Plutarch's Lives, written at the beginning of the second century A.D., is a brilliant social history of the ancient world by one of the greatest biographers and moralists of all time. In what is by far his most famous and influential work, Plutarch reveals the character and personality of his subjects and how they led ultimately to tragedy or victory. Richly anecdotal and full of detail, Volume I contains profiles and comparisons of Romulus and Theseus, Numa and Lycurgus, Fabius and Pericles, and many more powerful figures of ancient Greece and Rome.
The present translation, originally published in 1683 in conjunction with a life of Plutarch by John Dryden, was revised in 1864 by the poet and scholar Arthur Hugh Clough, whose notes and preface are also included in this edition.
About the Author
About the Introducer
VICTOR DAVIS HANSON has written extensively on both ancient Greek and military history; his ?fteen books include The Western Way of War and Between War and Peace. He is a senior fellow at the Hoover Institution, Stanford University, and a professor of classics at California State University, Fresno.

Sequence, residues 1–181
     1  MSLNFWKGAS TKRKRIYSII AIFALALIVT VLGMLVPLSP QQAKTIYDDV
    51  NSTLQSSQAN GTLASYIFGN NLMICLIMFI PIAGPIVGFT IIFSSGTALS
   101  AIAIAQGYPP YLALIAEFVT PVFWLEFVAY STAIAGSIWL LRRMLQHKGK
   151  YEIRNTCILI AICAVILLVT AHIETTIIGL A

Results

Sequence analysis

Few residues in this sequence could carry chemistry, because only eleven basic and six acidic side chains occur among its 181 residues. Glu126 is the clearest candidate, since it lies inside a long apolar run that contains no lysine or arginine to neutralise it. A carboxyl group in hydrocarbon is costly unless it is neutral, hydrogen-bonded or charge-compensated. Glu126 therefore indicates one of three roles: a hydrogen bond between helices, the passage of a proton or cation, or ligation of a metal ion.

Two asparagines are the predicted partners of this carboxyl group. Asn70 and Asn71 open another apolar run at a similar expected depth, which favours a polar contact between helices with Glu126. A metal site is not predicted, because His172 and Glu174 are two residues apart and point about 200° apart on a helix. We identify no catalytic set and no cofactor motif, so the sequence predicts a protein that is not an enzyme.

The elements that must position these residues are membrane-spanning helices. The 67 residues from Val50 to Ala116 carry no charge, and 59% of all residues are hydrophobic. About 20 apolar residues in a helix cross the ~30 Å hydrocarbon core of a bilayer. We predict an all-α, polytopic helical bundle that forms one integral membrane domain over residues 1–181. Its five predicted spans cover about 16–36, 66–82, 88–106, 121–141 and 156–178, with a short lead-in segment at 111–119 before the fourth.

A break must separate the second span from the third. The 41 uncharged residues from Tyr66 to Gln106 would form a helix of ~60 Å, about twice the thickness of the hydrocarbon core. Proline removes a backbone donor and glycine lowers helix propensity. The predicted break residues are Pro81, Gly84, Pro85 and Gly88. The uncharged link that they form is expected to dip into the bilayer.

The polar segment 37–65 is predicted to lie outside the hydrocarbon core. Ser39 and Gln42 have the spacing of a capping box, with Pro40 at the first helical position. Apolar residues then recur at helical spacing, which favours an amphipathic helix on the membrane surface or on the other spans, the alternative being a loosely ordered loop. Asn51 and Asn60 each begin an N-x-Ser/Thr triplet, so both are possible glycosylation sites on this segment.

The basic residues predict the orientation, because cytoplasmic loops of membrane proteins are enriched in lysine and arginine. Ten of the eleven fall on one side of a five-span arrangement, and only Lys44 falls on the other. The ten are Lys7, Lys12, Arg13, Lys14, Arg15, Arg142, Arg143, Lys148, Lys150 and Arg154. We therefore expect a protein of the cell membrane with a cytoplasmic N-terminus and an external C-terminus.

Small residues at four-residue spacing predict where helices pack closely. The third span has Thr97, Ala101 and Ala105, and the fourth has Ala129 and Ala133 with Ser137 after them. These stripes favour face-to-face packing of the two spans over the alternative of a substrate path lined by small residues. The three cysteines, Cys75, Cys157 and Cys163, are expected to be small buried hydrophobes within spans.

"From the Trade Paperback edition.
Publius Vergilius Maro (October 15, 70 BC - September 21, 19 BC), usually called Virgil in English, was an ancient Roman poet of the Augustan period. He is known for three major works of Latin literature, the Eclogues (or Bucolics), the Georgics, and the epic Aeneid. A number of minor poems, collected in the Appendix Vergiliana, are sometimes attributed to him.
"A Bible for heroes."